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Electric Bill Dies; Senate Settles for Reliability

Electric Bill Dies; Senate Settles for Reliability

Unable to end a stalemate over two key issues, Republican and Democrat leaders of the Senate Energy and Natural Resources Committee sent up a white flag last week, conceding defeat in their struggle to pass comprehensive electric restructuring legislation this year.

But to show that their efforts weren't entirely in vain, they voted out a stripped-down reliability bill, which supporters say could provide real relief to the bulk power market as early as this summer. Critics, however, contend it's nothing more than a token measure.

Chairman Frank Murkowski (R-AK), who has spearheaded the drive in the Senate for comprehensive legislation, said that while he was "very reluctant" to defer action until next year, the difference of opinions on the two issues - extending FERC jurisdiction to include transmission bundled with retail sales and a federal mandate on the use of renewable fuels in generation - forced his hand. The two deal-breaker issues were excluded from a discussion draft of comprehensive legislation that was circulated to committee members in mid-June.

Sen. Jeff Bingaman of New Mexico, the ranking Democrat on the committee, "could not support the draft [legislation] without a favorable resolution of those issues, and I simply could not support the draft if they were included," Murkowski said during a business meeting of the full committee last Wednesday.

If Commission jurisdiction over transmission were to be expanded, the chairman said he feared that an already "aggressive FERC" would "retreat from its history of deference to states in the regulation of bundled retail sales, including transmission." And while he characterized himself as "one of the strongest supporters.....of renewable energy," he noted "I'm also very realistic about renewable energy and how much it can contribute" to the nation's overall energy mix. "We've spent about $17 billion on renewables, yet we've only achieved less than 2% [of the energy mix] if you exclude hydro." This level of spending, he believes, is impractical given that "we're facing an energy train wreck"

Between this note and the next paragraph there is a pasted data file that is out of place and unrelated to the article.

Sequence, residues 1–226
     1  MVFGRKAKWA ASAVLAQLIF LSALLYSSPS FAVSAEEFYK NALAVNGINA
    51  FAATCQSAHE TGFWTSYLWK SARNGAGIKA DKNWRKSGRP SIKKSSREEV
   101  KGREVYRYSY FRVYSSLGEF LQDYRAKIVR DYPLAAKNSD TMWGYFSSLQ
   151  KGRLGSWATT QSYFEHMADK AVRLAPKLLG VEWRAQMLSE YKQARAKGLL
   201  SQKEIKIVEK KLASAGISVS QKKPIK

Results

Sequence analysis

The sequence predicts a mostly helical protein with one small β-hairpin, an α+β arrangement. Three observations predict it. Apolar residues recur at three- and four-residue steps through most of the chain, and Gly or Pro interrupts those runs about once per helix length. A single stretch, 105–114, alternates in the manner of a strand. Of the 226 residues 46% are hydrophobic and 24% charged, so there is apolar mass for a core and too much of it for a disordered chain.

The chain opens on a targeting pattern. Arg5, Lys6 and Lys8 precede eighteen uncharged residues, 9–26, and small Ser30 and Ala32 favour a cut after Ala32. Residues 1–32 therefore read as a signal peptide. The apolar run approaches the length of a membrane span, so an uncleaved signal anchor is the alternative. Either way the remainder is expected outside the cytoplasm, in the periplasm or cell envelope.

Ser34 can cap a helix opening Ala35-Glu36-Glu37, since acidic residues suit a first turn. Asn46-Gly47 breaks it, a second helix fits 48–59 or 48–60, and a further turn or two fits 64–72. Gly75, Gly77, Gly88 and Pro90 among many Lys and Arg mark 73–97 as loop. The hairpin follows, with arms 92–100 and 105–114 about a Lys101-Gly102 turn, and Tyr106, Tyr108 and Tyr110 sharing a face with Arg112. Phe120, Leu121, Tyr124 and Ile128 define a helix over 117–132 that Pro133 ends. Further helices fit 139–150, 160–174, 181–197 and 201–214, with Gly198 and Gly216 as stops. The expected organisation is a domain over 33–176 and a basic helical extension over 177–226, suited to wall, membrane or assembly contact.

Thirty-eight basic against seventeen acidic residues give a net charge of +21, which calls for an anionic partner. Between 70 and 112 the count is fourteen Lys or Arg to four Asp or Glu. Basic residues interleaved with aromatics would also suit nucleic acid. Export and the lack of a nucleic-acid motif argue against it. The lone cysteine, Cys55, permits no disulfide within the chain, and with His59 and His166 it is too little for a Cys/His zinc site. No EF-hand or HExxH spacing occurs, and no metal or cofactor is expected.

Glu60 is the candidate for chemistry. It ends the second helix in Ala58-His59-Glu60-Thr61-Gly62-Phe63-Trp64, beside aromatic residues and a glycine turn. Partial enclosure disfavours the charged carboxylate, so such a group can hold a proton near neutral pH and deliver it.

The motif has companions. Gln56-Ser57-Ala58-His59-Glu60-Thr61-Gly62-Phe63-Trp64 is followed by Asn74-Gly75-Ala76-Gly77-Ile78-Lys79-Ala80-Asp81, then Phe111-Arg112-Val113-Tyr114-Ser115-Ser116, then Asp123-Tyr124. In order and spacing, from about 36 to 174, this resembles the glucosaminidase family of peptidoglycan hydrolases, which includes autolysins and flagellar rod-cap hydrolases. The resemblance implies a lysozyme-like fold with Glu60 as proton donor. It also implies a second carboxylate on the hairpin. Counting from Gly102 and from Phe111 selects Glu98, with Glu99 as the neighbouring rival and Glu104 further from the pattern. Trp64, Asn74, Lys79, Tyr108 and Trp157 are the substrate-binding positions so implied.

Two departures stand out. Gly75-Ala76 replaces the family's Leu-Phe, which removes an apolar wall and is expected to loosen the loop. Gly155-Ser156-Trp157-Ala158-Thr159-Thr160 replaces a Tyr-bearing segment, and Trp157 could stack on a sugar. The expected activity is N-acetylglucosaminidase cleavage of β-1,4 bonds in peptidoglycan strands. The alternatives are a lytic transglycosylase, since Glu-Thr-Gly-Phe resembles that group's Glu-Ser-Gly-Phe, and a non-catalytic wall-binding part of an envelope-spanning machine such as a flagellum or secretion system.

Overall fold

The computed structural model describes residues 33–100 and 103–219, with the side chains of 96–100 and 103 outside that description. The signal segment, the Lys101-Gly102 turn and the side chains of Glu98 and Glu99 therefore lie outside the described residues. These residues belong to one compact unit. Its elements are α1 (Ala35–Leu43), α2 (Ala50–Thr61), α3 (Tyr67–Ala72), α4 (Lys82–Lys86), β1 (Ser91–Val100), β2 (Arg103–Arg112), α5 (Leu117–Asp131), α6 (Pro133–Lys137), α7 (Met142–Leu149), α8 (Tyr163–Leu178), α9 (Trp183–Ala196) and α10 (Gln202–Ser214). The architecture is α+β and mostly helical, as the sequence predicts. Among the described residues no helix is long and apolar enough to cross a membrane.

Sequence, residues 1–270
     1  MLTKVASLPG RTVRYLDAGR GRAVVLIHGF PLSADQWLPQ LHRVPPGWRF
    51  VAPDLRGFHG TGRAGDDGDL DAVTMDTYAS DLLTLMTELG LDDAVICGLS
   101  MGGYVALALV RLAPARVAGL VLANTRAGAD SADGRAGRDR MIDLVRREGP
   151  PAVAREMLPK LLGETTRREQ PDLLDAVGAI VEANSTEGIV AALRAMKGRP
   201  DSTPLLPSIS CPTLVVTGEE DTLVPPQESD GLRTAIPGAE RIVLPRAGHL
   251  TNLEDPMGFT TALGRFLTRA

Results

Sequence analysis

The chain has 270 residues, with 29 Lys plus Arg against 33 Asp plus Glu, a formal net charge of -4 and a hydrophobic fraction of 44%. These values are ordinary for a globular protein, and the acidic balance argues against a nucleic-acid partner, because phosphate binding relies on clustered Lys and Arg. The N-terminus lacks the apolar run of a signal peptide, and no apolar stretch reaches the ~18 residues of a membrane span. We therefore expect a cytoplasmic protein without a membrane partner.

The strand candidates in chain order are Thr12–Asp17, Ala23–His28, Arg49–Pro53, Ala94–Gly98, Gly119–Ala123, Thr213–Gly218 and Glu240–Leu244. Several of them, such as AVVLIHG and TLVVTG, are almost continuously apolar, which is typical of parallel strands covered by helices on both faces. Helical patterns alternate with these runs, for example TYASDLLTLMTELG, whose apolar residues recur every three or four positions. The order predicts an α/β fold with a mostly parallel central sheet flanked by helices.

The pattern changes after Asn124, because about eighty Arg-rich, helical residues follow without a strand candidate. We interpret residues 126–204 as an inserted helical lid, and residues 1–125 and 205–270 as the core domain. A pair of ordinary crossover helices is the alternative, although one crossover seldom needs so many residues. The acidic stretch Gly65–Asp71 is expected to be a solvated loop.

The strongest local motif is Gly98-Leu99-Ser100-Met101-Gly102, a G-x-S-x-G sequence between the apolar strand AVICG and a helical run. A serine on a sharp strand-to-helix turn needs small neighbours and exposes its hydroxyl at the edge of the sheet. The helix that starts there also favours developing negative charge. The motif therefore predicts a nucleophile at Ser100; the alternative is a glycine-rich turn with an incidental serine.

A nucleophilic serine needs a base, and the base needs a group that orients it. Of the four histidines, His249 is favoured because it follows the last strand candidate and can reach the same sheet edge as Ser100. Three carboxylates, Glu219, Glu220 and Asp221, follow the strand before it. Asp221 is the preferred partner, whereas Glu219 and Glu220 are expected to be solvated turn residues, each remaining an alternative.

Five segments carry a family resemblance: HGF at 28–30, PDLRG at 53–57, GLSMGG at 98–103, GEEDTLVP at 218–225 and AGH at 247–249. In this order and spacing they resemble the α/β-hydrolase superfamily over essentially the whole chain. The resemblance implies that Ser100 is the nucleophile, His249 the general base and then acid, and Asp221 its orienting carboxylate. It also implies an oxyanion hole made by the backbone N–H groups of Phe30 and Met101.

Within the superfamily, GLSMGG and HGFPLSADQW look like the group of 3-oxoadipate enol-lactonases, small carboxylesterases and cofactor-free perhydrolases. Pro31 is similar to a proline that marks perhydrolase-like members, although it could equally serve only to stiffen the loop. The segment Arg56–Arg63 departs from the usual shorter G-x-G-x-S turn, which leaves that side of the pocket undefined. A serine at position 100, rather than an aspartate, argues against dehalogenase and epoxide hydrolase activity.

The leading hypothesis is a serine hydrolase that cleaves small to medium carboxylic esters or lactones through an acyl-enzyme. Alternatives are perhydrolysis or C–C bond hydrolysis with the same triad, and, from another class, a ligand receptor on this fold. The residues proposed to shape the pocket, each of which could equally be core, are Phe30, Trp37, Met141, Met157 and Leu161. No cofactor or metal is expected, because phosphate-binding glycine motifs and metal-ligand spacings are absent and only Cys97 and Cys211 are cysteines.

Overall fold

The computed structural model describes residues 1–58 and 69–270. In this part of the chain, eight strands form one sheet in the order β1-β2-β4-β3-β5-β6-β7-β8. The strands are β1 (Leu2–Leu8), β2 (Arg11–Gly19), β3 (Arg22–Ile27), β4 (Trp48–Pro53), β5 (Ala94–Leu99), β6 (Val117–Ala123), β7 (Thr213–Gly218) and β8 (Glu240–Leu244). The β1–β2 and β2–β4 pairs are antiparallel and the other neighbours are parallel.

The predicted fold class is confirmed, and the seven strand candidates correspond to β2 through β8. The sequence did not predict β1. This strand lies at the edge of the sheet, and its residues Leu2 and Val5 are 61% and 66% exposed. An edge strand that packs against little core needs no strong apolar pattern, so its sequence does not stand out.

In light of their differences, the chairman said he and Bingaman agreed the "best approach" was to adopt a reliability bill, sponsored by Sen. Slade Gorton (R-WA). The measure gives FERC authority to begin the process of creating one national electric reliability organization, as well as immediate power to adopt reliability standards for the bulk power system. Also, compliance with standards, which heretofore has been voluntary, would become mandatory under S. 2071, and transgressors would be penalized. "...I believe we may [be forced to] revisit this issue on an emergency basis as the pinch and crunch of the current energy crisis is felt," Murkowski said.

"Not only does this bill provide a long-term solution to electricity reliability, it will give FERC the immediate authority to help prevent blackouts. And I hope it will send a signal to any parties that might be tempted to 'game' the transmission system and hurt reliability that they are being watched," Gordon said in a prepared statement.

"I hope that we can cause our leadership to get this [bill] through the Senate and through Congress this year," noted Sen. Larry Craig (R-ID). If that should happen, Murkowski cautioned the Gorton measure should not be considered a substitute for a comprehensive electric bill. "...I do want to make sure that everybody understands that we [will] not abandon this process."

Despite last Wednesday's Senate action, some in the power industry still aren't ready to give up on the prospect of a comprehensive electric bill being passed by Congress this year. They believe it could happen if the House continues with its "comprehensive approach" to electric restructuring, and the Senate reliability measure is inserted in the House bill during conference.

"A lot of grand slams get hit in the ninth inning of a ballgame," remarked a spokesman for the Electric Power Supply Association. Last week two groups, the Electricity Restructuring Stakeholders and leading marketers and utilities pushing deregulation, threw their support behind House Commerce Committee Chairman Thomas Bliley, (R-VA) and his draft legislation, promising to work with him on refinements. Bliley had been criticized for issuing the comprehensive draft under an all-or-nothing label (see NGI, June 19).

Susan Parker

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